The room where it rained: Facebook's Prineville, Oregon data centre. Photo: Facebook/AP
In the early days of Facebook's first data centre, an actual indoor rain cloud brought down the company's web cloud, according to Jay Parikh, Facebook vice president of infrastructure engineering.
In 2011, Facebook's Prineville, Oregon, data centre suffered a problem in the building management system that caused the air used to cool the servers to reach temperatures of more than 26 degrees and the humidity to exceed 95 per cent. As a result, the air condensed and formed a rain cloud inside the data centre.
"I got a call, 'Jay, there's a cloud in the data centre,' " Parikh told the Register. "'What do you mean, outside?' 'No, inside.'
"It was raining in the data centre."
The problem occurred because Facebook was using outside air to cool its centre, rather than traditional cooling systems that use a great deal of electricity, the Register report said. After the building management system broke down, it began recirculating high-temperature and low-humidity air through a water-based evaporative cooling system. That eventually caused the air to essentially become liquid and cover the servers in water.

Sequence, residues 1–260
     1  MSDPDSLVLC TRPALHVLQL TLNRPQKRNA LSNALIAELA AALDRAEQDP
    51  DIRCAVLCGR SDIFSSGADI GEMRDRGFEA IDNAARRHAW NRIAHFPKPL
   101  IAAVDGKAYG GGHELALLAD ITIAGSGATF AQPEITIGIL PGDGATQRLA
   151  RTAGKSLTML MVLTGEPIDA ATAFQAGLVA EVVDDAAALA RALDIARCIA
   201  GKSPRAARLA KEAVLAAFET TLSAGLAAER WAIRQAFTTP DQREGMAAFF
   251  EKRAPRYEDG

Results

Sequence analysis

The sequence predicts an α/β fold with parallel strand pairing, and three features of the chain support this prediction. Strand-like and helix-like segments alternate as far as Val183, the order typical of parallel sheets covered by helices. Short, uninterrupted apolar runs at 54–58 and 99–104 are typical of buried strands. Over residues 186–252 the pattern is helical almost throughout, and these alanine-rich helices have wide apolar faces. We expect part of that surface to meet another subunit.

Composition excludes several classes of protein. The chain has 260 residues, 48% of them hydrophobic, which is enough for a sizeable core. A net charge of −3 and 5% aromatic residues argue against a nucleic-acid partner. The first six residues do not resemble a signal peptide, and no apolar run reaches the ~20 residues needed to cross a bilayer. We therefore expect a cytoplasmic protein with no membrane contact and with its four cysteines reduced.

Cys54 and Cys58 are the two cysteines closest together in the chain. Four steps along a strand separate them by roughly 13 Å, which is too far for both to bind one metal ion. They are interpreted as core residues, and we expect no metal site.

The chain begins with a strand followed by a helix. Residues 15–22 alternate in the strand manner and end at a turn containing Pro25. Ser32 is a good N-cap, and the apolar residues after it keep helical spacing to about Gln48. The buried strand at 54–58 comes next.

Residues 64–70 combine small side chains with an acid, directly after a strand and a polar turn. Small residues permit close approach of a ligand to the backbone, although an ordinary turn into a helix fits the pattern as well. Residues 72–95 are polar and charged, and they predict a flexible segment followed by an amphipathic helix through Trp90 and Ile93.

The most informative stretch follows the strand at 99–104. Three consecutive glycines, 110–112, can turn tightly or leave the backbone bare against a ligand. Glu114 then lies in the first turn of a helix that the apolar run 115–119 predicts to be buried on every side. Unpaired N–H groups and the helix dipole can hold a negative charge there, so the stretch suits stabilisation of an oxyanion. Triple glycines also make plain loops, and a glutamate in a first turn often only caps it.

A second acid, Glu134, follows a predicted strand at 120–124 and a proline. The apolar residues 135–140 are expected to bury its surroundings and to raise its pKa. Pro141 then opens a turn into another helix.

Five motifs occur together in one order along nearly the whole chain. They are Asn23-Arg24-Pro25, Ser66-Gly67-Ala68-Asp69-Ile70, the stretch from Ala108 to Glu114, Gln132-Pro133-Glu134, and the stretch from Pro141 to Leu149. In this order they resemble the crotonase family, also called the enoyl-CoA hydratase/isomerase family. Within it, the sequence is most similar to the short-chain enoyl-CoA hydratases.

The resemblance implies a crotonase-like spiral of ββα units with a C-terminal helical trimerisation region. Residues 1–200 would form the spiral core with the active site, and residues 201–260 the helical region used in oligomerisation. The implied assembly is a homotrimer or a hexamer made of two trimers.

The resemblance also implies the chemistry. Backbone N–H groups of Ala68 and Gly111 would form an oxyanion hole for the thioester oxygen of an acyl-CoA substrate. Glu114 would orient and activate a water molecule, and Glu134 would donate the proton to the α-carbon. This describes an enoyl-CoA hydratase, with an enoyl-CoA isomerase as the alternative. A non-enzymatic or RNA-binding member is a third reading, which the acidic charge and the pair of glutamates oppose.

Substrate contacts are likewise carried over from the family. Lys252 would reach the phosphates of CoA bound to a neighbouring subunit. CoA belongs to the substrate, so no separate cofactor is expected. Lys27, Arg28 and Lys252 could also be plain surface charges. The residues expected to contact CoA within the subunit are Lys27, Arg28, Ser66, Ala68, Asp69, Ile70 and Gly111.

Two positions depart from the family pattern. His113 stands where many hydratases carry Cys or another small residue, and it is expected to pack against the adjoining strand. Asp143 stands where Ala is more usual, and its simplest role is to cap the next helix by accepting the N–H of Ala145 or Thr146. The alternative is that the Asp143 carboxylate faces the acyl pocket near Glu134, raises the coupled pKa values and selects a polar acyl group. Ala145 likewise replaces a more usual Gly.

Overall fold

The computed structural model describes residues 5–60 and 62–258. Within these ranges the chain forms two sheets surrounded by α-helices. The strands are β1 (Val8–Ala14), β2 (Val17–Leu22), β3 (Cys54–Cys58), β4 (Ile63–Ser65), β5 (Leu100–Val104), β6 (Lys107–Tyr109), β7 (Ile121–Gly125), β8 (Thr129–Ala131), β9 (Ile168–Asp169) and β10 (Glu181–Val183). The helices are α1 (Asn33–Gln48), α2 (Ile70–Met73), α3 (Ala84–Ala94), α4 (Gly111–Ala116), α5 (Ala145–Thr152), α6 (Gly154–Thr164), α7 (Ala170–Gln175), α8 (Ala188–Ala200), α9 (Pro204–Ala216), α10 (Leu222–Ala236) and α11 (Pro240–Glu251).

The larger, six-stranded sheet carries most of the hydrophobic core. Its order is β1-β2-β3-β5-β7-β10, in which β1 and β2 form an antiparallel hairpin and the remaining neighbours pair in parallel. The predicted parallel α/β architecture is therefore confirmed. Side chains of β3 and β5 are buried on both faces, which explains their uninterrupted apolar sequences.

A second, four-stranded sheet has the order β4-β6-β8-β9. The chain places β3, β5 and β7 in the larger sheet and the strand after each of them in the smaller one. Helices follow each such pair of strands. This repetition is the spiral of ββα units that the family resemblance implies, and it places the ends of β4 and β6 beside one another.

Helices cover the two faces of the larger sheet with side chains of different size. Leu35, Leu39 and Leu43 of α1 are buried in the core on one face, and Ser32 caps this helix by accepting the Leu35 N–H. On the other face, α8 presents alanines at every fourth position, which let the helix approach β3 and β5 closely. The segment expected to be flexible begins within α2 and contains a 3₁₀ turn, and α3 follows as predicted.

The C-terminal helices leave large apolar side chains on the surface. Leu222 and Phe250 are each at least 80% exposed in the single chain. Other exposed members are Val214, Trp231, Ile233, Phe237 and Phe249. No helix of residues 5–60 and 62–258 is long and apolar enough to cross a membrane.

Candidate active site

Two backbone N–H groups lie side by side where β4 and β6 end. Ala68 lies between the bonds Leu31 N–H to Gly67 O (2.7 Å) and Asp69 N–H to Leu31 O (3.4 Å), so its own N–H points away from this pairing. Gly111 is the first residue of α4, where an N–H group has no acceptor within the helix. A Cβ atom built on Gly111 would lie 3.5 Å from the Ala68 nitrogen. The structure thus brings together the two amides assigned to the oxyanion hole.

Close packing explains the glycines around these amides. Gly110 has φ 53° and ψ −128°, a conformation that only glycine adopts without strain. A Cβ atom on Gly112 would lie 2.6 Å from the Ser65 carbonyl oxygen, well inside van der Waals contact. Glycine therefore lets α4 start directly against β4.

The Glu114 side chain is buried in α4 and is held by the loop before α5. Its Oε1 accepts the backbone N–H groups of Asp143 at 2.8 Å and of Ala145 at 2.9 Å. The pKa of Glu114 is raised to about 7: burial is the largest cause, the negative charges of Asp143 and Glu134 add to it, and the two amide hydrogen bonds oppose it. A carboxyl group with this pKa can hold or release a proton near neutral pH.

Parikh said some servers broke entirely and that for a few minutes it was possible to stand in the data centre and hear the company's servers pop and fizzle.
"This is one of those things," Parikh said. "When you are 100 per cent air-cooled, it's awesome from an efficiency perspective, but the range you have to operate in is much, much wider."
The incident hasn't occurred again, though. Parikh said Facebook now seals its servers' power supplies with a rubber raincoat to keep water from destroying them.
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